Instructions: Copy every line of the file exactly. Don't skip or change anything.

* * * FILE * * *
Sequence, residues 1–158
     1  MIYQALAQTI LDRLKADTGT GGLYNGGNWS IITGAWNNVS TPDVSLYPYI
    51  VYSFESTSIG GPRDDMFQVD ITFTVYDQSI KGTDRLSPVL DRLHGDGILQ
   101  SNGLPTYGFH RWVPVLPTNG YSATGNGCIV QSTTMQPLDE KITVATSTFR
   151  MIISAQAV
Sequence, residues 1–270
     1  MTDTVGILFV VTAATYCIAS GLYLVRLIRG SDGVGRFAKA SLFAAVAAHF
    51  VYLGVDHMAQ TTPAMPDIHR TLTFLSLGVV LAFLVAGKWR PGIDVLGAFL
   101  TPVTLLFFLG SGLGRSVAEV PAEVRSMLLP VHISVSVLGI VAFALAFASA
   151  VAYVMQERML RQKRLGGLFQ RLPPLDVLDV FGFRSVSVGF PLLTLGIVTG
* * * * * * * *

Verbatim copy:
Sequence, residues 1–158
     1  MIYQALAQTI LDRLKADTGT GGLYNGGNWS IITGAWNNVS TPDVSLYPYI
    51  VYSFESTSIG GPRDDMFQVD ITFTVYDQSI KGTDRLSPVL DRLHGDGILQ
   101  SNGLPTYGFH RWVPVLPTNG YSATGNGCIV QSTTMQPLDE KITVATSTFR
   151  MIISAQAV
Sequence, residues 1–270
     1  MTDTVGILFV VTAATYCIAS GLYLVRLIRG SDGVGRFAKA SLFAAVAAHF
    51  VYLGVDHMAQ TTPAMPDIHR TLTFLSLGVV LAFLVAGKWR PGIDVLGAFL
   101  TPVTLLFFLG SGLGRSVAEV PAEVRSMLLP VHISVSVLGI VAFALAFASA
   151  VAYVMQERML RQKRLGGLFQ RLPPLDVLDV FGFRSVSVGF PLLTLGIVTG